“The damage is uneven,” said Jed Kolko, chief economist at the job site Indeed. As is the case with most downturns, he said, there are “widening racial and ethnic gaps and more pain for people with less education.”
In other ways, he said, the damage to the labor market is different than in the past, with the loss of so many service jobs hitting bigger cities more.
President-elect Joseph R. Biden Jr. renewed his calls on Friday for Congress and President Trump “to act and act now” to boost the sagging economic recovery, while expressing confidence that further economic pain will bring lawmakers back to the negotiating table for an additional round of aid after he takes office in January.
Speaking in Delaware, Mr. Biden thanked the Republican and Democratic senators who are attempting to negotiate a $908 billion compromise package during the lame-duck session, saying, “This situation is urgent. If we don’t act now, the future will be very bleak.” His statement followed the bleak jobs report for November, which showed U.S. hiring tapering off.
He urged lawmakers to come back for another wave of assistance after Inauguration Day, in part to help hasten the deployment of a Covid-19 vaccine.
“To truly end this crisis, Congress is going to need to fund more testing as well as a more equitable and free distribution of the vaccine,” Mr. Biden said. “We’re going to need more economic relief to bridge through 2021 until this pandemic and economic crisis are over.”
Taking questions from reporters after his speech, Mr. Biden avoided answering whether he has spoken with Senator Mitch McConnell, Republican of Kentucky, the majority leader, about negotiations over an aid package. But he said he believed that Republicans would see a need to work with his administration to pass another package this winter, because, he said, “the country’s going to be in dire, dire, dire straits if they don’t.”
Republicans, he said, are “going to find that there’s an overwhelming need as these numbers skyrocket.”
Speaker Nancy Pelosi flashed fresh optimism on Friday that the House and Senate could soon reach a bipartisan deal on an elusive pandemic stimulus plan after she and Senator Mitch McConnell, the Senate majority leader, agreed to try to find an agreement that could be merged with an enormous year-end spending package.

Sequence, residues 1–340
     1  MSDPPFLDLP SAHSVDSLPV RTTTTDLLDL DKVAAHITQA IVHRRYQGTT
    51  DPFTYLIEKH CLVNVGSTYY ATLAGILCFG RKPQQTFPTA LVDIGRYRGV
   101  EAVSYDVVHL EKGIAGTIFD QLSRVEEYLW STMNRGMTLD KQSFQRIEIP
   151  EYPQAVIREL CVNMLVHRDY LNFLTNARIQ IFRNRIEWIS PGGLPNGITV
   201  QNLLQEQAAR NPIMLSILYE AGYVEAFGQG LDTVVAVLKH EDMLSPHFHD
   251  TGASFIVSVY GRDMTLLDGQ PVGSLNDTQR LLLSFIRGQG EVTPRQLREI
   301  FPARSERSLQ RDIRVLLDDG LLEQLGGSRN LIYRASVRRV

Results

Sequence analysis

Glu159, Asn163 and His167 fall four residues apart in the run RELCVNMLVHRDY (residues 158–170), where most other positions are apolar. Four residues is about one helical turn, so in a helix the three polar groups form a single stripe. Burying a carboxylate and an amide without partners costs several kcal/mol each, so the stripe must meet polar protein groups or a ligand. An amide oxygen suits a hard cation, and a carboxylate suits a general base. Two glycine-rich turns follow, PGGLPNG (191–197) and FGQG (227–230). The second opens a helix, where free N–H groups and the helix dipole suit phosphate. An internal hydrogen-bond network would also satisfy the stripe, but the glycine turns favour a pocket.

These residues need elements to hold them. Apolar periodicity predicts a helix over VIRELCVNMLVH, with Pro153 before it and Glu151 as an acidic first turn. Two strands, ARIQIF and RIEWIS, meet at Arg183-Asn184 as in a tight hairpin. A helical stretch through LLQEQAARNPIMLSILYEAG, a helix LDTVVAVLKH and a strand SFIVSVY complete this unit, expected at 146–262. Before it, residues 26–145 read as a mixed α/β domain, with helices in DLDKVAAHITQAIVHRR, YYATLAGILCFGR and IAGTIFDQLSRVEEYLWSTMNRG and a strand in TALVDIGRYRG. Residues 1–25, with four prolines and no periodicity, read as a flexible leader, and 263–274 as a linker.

“That would be our hope because that is the vehicle leaving the station,” Ms. Pelosi, Democrat of California, said at a news conference in the Capitol Friday morning, a day after her conversation with Mr. McConnell, Republican of Kentucky. The phone call marked their first conversation since the election.
Though Ms. Pelosi conceded there were still obstacles to an agreement, she insisted there would be “sufficient time” to close a deal before the Dec. 11 government funding deadline. She pointed to lower-than-expected job gains reported on Friday as an added accelerant.
“There is momentum. There is momentum,” Ms. Pelosi said. “The tone of our conversations is one that is indicative of the decision to get the job done.”
Mr. McConnell expressed similar resolve on Thursday, although he stopped short of endorsing the $908 billion outline proposed by a bipartisan group of moderates that Ms. Pelosi has said should be the starting point for talks, instead pressing for a far smaller bill.
Stimulus talks have been stalemated for months, with lawmakers unable to resolve differences over issues like liability protections for businesses, a Republican demand that Democrats have resisted, and providing federal aid to state and local governments, a top priority for Democrats that many Republicans oppose. They are also still struggling to resolve a number of policy disputes in the must-pass bills needed to keep the government funded beyond Dec. 11, though most involved in the process say that a resolution is feasible before the end of the year.
After months of insisting they would not accept a slimmed-down relief bill, Democrats now appear poised to accept less than one third of the spending they initially proposed to prop up small businesses, help the uninsured and jobless, boost state and local governments, and meet immediate public health needs, leaving other priorities unaddressed until President-elect Joseph R. Biden Jr. takes office Jan. 20.
The emerging compromise would revive lapsed federal unemployment benefits at $300 a week for 18 weeks, and provide billions of dollars in funding for small businesses, schools and the imminent distribution of a vaccine.
While a bipartisan group of senators is expected to continue working on finalizing legislative text through the weekend, there remain a number of significant hurdles. The policy divides that have helped derail attempts to reach agreement earlier this year persist even as lawmakers circulate a tentative outline.
Pressed on her reversal, Ms. Pelosi was defensive on Friday, saying her earlier, multitrillion-dollar proposals that the Senate called nonstarters were important parts of a negotiating strategy that may now yield results. She insisted that Mr. Biden’s election and the looming arrival of two vaccines amounted to “a total game-changer.”